The case came on for trial before a judge sitting without a jury in May, 1960. Not until June, 1967, over seven years after the trial was completed did the judge enter his decision in this case. This decision was in the form of a verdict in favor of defendants Home and Blythe on plaintiff’s original complaint and a verdict for Blythe on his counterclaim against Exton in the sum of $ 13,692.49; there were no findings of fact or conclusions of law. Exton filed numerous exceptions to this decision, which were overruled by the court en banc in June, 1968. This appeal followed. Not until April 18, 1969, seventeen days before this appeal was argued, did the trial judge file an opinion explaining the overruling of Exton’s exceptions.

americaone
americaone on July 2, 2009 at 4:18 am

Exton Drive-in was razed for a Shopping Center called Whiteland Towne Center.
View link

If you look at the map of the center by typing it into , say, Google Earth, it essentially takes up the exact footprint of the original drive-in.

View link

“The Hooters” (a band from the 80’s) filmed a music video (And We Danced) there that features the marquee at the beginning of the video which is from the Rt 30 entrance.

http://www.youtube.com/watch?v=DOoU_0PAKoI

There was also an entrance from Rt 100, which is the narrow section of property you will notice on the gray outline of the property on a map.

The video shows EXACTLY what the Drive-in looked like til the day it was closed. All of it was shot on site in one evening. People wanted to leave as filming pressed on late into the evening and some individuals became very agitated, not understanding how long it takes to do a shoot. In the end, it was a nicely made music video and a great archive of a part of the history for our area, although most people don’t know about this video or the drive-in, since it has been gone for 20 years.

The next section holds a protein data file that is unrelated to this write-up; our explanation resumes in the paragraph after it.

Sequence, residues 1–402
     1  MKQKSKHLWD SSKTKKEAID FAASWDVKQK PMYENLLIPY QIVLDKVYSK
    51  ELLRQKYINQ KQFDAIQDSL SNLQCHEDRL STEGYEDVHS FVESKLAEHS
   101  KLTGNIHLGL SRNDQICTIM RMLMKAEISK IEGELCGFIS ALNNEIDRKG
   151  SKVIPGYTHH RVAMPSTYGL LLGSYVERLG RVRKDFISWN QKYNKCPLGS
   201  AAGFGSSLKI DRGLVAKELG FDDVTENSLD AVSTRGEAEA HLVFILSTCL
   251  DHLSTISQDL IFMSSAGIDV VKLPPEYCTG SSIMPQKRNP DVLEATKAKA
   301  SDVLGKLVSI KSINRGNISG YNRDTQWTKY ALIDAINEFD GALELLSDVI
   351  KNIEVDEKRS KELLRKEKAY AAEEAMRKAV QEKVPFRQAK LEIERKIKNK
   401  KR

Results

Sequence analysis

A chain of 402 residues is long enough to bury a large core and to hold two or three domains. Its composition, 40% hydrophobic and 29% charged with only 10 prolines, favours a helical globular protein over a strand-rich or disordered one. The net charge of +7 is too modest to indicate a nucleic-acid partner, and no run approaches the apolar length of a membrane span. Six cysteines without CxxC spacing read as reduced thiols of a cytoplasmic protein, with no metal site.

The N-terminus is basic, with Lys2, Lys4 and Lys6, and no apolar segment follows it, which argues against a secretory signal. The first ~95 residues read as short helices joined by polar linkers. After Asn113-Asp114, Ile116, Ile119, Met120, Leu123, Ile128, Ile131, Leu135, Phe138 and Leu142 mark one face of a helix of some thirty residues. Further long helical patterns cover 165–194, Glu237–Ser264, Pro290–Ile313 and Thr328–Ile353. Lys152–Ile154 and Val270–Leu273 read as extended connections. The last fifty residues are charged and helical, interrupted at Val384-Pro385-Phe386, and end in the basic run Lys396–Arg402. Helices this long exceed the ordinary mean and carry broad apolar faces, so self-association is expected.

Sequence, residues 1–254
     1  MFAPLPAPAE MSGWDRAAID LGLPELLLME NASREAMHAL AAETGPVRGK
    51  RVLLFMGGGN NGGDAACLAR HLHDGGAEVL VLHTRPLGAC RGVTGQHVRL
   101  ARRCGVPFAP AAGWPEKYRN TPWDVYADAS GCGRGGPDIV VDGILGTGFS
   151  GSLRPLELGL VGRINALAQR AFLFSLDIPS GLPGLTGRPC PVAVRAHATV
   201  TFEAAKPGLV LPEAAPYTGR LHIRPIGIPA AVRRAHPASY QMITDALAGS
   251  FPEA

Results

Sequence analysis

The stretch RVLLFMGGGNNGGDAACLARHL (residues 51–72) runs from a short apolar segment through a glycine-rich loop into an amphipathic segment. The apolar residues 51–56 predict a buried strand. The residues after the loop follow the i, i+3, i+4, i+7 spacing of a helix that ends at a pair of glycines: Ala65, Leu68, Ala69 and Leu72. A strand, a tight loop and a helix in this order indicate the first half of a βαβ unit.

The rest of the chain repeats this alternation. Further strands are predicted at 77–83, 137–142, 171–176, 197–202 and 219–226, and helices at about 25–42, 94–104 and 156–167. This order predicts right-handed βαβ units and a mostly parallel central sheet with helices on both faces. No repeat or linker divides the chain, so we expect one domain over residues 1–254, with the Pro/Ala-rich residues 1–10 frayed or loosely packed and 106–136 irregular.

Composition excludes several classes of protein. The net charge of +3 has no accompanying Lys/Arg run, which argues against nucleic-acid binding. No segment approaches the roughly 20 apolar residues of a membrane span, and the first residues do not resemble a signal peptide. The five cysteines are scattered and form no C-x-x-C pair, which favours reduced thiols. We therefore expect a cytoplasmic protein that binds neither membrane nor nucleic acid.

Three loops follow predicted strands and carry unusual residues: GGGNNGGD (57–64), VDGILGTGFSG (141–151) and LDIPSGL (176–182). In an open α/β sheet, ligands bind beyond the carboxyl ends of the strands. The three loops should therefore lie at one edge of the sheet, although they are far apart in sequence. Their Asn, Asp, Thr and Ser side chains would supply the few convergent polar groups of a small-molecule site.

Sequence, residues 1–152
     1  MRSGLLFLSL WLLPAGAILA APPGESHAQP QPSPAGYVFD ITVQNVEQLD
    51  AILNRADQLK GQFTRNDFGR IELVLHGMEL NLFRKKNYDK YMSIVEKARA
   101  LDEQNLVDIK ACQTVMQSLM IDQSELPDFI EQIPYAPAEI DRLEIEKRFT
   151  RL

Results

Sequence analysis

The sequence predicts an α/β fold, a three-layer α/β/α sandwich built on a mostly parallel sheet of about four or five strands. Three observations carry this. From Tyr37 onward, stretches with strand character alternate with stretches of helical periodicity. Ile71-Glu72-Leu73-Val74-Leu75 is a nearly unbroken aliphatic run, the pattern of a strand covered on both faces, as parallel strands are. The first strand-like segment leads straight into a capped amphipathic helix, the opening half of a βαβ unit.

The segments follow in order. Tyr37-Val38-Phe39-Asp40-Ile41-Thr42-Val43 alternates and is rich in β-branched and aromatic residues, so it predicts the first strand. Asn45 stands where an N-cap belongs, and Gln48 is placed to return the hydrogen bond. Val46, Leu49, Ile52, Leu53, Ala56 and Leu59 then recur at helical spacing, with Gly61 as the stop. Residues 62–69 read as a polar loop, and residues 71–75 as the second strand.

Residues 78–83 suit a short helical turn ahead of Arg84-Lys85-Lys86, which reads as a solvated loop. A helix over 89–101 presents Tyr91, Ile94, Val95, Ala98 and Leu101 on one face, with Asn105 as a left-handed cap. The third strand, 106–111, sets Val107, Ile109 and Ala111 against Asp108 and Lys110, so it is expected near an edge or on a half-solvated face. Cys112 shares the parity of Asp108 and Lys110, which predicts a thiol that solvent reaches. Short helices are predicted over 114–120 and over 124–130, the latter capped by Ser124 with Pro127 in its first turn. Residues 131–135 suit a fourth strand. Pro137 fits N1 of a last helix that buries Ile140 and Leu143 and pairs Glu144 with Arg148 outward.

Barry DiLibero
www.usflagballoon.com

ronnie21
ronnie21 on May 21, 2010 at 1:31 am

1985…. was the video..

TLSLOEWS
TLSLOEWS on May 21, 2010 at 1:40 am

Thanks ronnie21.

jwmovies
jwmovies on September 29, 2012 at 7:22 pm

Approx. address for this drive-in was 137 West Lincoln Highway. The box office was actually closer to Hwy 100 due to the very long driveway.

ExtonJim
ExtonJim on November 2, 2013 at 6:50 pm

I grew up in Exton during the 1950s and 60s – and spent a lot of time at this place, both as one of four kids my parents used to take here for movies during the summer, and as a kid running around the property. I knew the family that lived at the Rt 30 end of the long driveway, the Gannons – and my other buddies Steve Ashbridge and Ted Rogers lived within spitting distance, too. Speaking of spitting, Steve and I climbed up the back of the screen one summer day when I was about 12 or 13, and had fun spitting over the edge, as 12 year old boys are wont to do. Until the manager saw us up there and hollered at us to come down. Got in a bit of trouble..not too much, just enough to chasten both of us.